1. mancunius
      May 18, 2023

      Sunak is not interested in climbing mountains. He is content merely to walk and smile at the same time: that will suffice him until he sedately loses the 2024 election and gets his next WEF-promoted international leadership job.

  30. MFD
    May 17, 2023

    There are far too many people of foreign origin in Westminster and they do not have any loyalty to our British Society.
    The situation is ridiculous!

  31. paul
    May 17, 2023

    Am I right in writing that this lady was also picked to be PM, just goes to show how the con party had the fix in the PM vote, but the lady that won was not in the fix and was remove from office all most right away.

  32. Mark+Thomas
    May 17, 2023

    Sir John,
    It is almost seven years since we voted to leave the European Union.
    Longer than the entire duration of the second world war.
    But we don’t seem to be making any progress.
    As long as the Government continues to sidestep Parliament nothing is going to change.

  33. Javelin
    May 17, 2023

    Hunt says Speaking at a British Chambers of Commerce event this morning, the Chancellor said: “If markets judge that we are not getting our borrowing under control they will punish us with higher interest rates.”

    In other words spending is out of our control and we are being forced to borrow to keep our head above water. So the question is why is spending out of control. This country is basically bankrupt. We can’t raise taxes or interest rates because that will cause a recession. The only option is to DILUTE public sector spending and reduce public sector salaries.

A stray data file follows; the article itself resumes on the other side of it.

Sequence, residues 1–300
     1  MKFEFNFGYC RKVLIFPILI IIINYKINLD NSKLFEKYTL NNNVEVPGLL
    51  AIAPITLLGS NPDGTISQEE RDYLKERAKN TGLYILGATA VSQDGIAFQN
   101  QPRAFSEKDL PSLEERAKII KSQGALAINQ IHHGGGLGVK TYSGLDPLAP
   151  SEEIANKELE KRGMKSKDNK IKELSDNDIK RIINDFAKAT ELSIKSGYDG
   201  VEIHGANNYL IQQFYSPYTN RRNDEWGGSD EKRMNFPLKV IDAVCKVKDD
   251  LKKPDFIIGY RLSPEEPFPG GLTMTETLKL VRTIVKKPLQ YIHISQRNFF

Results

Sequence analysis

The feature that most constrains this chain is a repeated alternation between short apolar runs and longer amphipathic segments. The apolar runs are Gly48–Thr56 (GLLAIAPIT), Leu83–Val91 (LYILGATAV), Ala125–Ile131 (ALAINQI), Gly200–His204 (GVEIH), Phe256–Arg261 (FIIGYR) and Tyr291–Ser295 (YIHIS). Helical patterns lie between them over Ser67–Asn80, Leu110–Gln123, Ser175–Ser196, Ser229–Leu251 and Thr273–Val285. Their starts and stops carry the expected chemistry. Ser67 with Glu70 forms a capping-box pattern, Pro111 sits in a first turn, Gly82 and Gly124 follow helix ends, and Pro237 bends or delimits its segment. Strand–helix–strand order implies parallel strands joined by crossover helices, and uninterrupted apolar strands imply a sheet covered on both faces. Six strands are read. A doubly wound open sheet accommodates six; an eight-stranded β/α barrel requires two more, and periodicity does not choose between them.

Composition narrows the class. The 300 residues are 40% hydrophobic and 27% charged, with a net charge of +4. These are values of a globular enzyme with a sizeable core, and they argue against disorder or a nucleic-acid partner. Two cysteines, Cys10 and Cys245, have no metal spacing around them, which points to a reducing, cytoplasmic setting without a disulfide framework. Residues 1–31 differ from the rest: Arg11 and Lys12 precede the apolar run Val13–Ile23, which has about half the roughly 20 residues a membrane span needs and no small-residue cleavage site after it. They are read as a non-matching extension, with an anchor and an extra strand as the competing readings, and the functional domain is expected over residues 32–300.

1. mancunius
      May 18, 2023

      The problem is that they know they cannot do that. They let the state grow so big that its employees now wield the levers of power. The civil service is determined to have a Labour government or to rule as if there was one in power.

    2. Mark B
      May 18, 2023

      “If markets judge that we are not getting our borrowing under control they will punish us with higher interest rates.”

      Says the man who wants to spend £20bn on Carbon Capture.

      The hypocrisy.

  34. Denis+Cooper
    May 17, 2023

    Off topic, reflecting on Rishi Sunak’s reversion to post-Suez Tory type in vastly overstating the importance of having a special trade deal with our European neighbours – Northern Ireland uniquely retaining that massive economic benefit of unfettered access to the EU Single Market which previously the whole UK enjoyed, as he now argues – I thought to do the calculation of how much that might have added to our economic growth over the past 30 years, since the advent of the EU Single Market, and concluded that at least 97% of our economic growth had been unconnected with its creation. Then I remembered that I had done this calculation before, and looking in my files I found this from nearly seven years ago, just before the referendum: